As a kid, Blagojevich said, he would sit for hours reading World Book encyclopedias, memorizing the order of U.S. presidents. He was fascinated by historical figures such as Winston Churchill and Teddy Roosevelt, a president whose love of boxing as a young man drove Blagojevich to the sport.
After high school, Blagojevich said, he spent college time in Florida and at Northwestern University in Evanston, where he said he felt out of place.
"Some of what I am, deep down there are certain insecurities," Blagojevich said. "I always felt that these kids at Northwestern, they came from wealthier families and better schools. I always felt they were smarter than me."
It was his obsession with reading history books that led Blagojevich to almost flunk out of law school at Pepperdine in Malibu, Calif., he said, not time spent on the beach as he has joked in the past.
"I had a man crush on Alexander Hamilton," he offered.
The narrative was packed with name-dropping of famous people Blagojevich said he's met, from Donald Trump to "Seinfeld" creator Larry David to George Steinbrenner.
Blagojevich became most emotional discussing his wife, whom he met in 1988. That discussion led the former governor to tear up on the stand as he looked across the courtroom toward Patti Blagojevich , who began crying herself.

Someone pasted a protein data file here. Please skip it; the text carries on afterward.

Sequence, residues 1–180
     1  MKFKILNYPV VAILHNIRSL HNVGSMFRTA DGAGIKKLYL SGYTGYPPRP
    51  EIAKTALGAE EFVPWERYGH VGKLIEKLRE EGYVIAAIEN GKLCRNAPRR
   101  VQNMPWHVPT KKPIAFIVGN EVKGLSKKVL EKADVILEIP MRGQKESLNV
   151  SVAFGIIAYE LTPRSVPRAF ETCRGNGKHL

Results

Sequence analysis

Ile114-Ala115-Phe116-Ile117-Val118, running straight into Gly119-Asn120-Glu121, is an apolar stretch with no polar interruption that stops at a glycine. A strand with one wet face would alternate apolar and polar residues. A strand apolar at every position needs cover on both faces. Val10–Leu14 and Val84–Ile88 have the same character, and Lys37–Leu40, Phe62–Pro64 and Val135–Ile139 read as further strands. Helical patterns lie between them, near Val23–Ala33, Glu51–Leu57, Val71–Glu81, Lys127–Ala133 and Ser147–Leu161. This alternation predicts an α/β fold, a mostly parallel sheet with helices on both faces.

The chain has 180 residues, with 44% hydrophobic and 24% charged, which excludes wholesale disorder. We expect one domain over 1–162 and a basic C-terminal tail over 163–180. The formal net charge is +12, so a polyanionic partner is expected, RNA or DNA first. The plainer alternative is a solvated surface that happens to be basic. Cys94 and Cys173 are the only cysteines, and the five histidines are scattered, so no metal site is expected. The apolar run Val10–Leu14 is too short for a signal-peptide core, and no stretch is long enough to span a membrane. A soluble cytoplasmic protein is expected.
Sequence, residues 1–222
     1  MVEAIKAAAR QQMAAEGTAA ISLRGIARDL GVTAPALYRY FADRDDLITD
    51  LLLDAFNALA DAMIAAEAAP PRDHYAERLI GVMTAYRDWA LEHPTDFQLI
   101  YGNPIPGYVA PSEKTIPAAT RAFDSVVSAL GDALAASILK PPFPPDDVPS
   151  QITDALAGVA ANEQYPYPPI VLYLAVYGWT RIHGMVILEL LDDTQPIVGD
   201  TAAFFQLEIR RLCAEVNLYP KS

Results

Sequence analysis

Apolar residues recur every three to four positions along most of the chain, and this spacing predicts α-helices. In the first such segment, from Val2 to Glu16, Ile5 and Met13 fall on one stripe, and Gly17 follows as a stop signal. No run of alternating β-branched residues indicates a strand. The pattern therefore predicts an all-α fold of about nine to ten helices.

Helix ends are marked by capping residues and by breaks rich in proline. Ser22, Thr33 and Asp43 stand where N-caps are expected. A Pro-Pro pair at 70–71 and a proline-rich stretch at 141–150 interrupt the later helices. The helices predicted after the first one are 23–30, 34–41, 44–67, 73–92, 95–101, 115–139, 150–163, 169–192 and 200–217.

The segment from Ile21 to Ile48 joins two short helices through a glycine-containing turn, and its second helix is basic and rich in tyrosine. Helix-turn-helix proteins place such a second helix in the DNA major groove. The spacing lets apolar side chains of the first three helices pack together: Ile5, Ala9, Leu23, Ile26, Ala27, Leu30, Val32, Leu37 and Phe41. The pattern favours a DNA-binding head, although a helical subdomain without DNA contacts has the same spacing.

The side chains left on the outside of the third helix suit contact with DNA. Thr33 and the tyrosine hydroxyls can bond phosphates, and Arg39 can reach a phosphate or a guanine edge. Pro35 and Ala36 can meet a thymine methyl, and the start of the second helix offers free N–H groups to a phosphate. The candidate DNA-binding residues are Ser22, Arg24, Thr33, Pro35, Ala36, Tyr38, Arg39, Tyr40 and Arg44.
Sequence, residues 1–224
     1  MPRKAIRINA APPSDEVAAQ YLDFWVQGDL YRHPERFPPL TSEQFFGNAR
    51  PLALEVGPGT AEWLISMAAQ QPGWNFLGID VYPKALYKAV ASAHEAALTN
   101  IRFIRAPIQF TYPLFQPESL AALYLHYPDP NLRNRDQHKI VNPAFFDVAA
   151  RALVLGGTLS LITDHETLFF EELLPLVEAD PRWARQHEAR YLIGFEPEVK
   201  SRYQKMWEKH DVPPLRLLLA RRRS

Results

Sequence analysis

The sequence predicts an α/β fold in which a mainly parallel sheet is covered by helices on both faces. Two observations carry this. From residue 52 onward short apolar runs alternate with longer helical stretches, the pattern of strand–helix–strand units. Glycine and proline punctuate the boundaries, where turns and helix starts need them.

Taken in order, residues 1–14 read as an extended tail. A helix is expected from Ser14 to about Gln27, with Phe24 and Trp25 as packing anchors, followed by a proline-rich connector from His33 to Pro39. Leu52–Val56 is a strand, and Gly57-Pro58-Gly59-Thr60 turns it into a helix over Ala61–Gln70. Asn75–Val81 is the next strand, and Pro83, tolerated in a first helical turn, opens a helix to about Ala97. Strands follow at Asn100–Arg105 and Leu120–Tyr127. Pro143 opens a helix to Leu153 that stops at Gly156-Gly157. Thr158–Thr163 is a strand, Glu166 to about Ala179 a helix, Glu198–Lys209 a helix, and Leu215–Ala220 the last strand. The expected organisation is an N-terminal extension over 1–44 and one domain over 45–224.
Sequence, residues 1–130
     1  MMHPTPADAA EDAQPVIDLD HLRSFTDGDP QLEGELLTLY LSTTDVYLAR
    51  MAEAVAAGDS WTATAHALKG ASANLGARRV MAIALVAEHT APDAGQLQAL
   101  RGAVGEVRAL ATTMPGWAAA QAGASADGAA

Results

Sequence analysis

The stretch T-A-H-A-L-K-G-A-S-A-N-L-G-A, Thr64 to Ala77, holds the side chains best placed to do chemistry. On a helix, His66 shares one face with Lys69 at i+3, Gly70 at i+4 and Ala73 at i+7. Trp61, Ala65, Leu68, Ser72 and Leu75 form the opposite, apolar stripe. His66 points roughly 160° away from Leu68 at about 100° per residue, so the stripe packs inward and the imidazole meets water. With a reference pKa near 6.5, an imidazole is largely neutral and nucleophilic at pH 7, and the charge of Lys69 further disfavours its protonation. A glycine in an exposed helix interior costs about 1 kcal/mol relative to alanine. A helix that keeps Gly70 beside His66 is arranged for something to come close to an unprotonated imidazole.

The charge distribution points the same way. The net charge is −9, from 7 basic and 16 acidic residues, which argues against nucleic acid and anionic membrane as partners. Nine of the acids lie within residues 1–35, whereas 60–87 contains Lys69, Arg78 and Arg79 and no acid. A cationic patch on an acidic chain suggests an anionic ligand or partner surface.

It was that relationship that led Blagojevich to politics, he said, because Patti's father is Chicago Ald. Richard Mell. Blagojevich said he began doing campaign work for Mell's political organization to please him and because "I'd have a better shot with Patti."
After describing his ascension through the state Legislature and Congress, Blagojevich finally turned to his time as governor and some of the specific allegations against him.
One was leveled by U.S. Rep. Jesse Jackson Jr. just Wednesday, when the congressman told the jury that Blagojevich had spoken in "classic Elvis fashion" when he linked Jackson's failed attempt to get a state job for Jackson's wife to a failure to give the then-governor $25,000 in campaign money.
"I have no recollection that he ever, ever talked to me ever" about it, Blagojevich said.
Blagojevich also denied trying to shake down Rahm Emanuel for a campaign donation. The Chicago mayor and former congressman also testified Wednesday that he wasn't aware of any such attempt. Blagojevich said he never directed staffers to hold up a grant for a school in Emanuel's congressional district to try to force Emanuel's brother, a Hollywood talent agent, to hold a fundraiser for him.
Another in the litany of Blagojevich denials dealt with an allegation leveled by former chief of staff Alonzo "Lon" Monk, who testified that he, the then-governor, and fundraisers Antoin "Tony" Rezko and Chris Kelly plotted to make money from Blagojevich 's time in office. One such meeting took place in California, where Rezko wrote up moneymaking ideas on an easel, Monk had said.
"I never had a meeting in California or anywhere where I talked about how I might make money off of state action with those guys. Ever. Never," Blagojevich said emphatically.
But through it all, Blagojevich never forgot who his target audience was, often talking with his hands and turning to face the jury sitting just feet away. At one point, one of them sneezed when Blagojevich was in midsentence.
"God bless you," he stopped to say.
'I'm Rod Blagojevich'